It's more than that. How farms operate has changed dramatically since the 1970s. On most commercial farms, mechanization has increased steadily, while new seed, fertilizer, and irrigation technologies have increased production dramatically. There has also been significant research and development in both biointensive agricultural techniques and permaculture. These techniques helped make intensive food production that improves soils and requires little to no ongoing input of resources possible for many small farms and communities. Some mechanization and technology is synergistic with these techniques in ways that maintain their ethos of ecological responsibility. Given this, there are many new possibilities for what a self-sufficient community can be.
The internet has also changed what a self-sufficient community can be. The internet makes it easy to share knowledge and collaborate on problems with people who are far away. This makes bazaar-style open-source software development possible, and it’s starting to have the same effect on hardware. Automated fabrication — computer numerical control — could make it possible to do a lot of machinery design and construction with less labor and less capital investment than was needed back in the 1970s.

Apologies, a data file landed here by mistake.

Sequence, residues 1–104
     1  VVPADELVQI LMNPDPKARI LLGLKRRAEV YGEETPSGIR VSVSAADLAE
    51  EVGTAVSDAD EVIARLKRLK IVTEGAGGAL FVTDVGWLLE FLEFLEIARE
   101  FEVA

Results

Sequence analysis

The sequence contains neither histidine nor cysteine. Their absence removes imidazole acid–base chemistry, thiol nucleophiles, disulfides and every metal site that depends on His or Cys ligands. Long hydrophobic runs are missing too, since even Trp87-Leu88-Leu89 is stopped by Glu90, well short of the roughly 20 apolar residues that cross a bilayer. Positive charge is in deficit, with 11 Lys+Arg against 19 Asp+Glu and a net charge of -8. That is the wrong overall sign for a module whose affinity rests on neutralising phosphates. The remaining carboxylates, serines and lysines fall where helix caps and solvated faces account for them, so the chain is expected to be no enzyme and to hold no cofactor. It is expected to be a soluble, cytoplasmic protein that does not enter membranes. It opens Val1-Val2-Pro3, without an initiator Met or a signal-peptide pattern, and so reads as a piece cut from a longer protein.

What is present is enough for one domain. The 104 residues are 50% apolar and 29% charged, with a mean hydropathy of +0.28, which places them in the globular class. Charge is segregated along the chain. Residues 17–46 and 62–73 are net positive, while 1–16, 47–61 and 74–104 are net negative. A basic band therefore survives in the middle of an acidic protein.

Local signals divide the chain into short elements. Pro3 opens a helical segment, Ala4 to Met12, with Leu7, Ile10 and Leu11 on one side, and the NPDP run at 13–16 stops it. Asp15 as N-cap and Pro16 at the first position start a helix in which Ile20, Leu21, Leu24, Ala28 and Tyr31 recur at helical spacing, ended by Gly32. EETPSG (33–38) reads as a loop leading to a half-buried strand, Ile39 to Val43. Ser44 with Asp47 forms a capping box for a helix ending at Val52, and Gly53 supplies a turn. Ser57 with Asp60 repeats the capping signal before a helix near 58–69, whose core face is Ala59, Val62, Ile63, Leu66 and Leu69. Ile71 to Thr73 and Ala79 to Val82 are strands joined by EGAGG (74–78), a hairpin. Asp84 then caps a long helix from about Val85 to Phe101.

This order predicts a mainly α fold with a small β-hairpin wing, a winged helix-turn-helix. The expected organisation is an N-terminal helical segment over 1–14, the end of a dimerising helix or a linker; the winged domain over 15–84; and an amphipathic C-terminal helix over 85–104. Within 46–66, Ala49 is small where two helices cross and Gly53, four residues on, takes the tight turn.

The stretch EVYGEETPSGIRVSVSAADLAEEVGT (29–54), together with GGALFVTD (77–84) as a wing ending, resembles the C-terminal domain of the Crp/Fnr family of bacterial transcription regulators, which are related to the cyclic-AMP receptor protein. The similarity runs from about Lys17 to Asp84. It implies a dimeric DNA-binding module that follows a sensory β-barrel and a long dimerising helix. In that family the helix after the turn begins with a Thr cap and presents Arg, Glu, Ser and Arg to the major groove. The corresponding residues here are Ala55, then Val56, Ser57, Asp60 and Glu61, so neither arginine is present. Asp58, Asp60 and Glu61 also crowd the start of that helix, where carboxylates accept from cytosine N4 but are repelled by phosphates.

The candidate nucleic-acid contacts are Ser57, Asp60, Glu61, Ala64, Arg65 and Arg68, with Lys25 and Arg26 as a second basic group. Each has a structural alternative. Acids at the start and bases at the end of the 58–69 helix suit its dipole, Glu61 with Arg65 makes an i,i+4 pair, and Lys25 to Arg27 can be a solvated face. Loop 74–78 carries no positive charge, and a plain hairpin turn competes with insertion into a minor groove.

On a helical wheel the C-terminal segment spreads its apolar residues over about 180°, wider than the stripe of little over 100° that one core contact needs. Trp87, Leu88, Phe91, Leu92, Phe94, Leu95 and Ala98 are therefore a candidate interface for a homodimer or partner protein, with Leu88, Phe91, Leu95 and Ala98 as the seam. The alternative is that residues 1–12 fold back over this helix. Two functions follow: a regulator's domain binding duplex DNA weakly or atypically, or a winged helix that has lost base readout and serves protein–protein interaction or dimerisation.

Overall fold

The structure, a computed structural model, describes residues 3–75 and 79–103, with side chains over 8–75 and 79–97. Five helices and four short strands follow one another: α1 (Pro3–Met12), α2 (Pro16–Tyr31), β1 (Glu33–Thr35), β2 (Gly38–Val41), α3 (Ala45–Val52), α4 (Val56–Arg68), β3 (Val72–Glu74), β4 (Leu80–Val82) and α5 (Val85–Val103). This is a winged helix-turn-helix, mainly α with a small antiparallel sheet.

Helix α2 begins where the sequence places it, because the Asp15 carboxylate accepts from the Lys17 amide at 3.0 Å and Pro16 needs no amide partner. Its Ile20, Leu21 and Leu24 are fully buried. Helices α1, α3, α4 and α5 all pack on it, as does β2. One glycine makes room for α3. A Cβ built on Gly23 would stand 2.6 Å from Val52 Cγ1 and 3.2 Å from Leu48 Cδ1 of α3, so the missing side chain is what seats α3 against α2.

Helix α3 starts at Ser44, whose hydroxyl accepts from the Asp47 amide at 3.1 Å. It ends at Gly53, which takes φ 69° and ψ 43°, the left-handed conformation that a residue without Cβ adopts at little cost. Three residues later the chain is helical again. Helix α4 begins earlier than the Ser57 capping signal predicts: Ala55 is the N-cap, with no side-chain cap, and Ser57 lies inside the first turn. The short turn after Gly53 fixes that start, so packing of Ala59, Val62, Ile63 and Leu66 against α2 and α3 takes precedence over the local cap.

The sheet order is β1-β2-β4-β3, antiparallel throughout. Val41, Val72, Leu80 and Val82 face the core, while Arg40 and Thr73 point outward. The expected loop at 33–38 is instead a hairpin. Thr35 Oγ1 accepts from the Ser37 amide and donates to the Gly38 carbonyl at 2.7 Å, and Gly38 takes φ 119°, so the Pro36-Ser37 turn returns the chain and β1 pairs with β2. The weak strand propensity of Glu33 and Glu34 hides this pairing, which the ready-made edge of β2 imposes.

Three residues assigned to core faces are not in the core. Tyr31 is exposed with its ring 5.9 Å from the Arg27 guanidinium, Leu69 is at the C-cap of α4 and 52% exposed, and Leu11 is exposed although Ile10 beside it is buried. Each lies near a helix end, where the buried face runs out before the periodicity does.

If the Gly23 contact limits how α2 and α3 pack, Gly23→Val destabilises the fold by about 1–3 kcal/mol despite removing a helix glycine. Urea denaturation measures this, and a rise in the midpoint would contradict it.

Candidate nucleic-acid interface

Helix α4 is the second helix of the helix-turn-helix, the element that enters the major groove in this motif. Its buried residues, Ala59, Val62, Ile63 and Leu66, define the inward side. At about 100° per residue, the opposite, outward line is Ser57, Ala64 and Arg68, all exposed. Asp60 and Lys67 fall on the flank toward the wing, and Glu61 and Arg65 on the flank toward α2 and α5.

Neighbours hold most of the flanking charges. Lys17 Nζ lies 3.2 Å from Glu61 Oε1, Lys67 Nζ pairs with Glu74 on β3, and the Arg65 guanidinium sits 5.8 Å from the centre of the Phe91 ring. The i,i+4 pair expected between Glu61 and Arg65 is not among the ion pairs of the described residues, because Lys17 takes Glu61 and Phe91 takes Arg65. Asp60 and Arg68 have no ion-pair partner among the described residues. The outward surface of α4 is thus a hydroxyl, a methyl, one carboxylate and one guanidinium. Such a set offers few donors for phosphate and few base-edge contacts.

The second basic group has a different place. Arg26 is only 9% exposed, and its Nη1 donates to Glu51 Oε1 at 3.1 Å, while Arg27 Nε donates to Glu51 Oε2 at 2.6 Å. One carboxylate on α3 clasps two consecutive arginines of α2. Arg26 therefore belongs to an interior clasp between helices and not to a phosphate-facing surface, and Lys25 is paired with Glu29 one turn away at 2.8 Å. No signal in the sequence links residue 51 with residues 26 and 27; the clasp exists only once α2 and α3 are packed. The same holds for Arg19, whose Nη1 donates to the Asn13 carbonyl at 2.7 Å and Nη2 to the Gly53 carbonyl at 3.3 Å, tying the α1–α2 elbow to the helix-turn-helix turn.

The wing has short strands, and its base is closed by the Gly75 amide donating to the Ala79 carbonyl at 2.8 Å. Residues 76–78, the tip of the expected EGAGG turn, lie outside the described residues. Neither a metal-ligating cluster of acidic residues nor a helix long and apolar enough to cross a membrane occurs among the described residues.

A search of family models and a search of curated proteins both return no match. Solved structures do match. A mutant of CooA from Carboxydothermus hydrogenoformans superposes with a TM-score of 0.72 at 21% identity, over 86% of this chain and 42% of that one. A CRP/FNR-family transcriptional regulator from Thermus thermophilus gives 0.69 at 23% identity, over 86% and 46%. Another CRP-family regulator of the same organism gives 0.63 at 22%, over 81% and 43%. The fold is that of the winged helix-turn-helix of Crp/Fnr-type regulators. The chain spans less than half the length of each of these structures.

Biointensive agriculture and permaculture are powered by design. It is now possible to share design development and improvement of agricultural systems in ways not possible before interconnectivity through the internet. We can develop a truly open source permaculture. OSE is also working to create RepLab, a digital fabrication workshop. A functioning workshop could allow people to instantly share plans across the internet and produce machines and machine parts on a small scale in a short time frame.
Response adapted from a comment by Kragen Javier Sitaker on | hackaday.com
 Why use machines? Aren't traditional farming methods less wasteful and toxic?
Why use machines? Time. Subsistence farming is exceptionally labor intensive. Modern tools bring the power to lessen labor burdens and increase quality of life substantially.
An integral part of our work is creating industrial processes that are fully in harmony with ecologically responsible living. We are pursuing completely closed ecological industrial cycles, with which there is no waste. Right now we are building tools and machines to get us to this point. Developing the prototypes and first builds of the #Global Village Construction Set does require some industrial inputs from outside, along with their negative impacts. This a preliminary step needed to take us deeper into the process of creating a truly ecological approach to technologically modern self-sufficient living.
 Isn't mass production and specialization more efficient/better?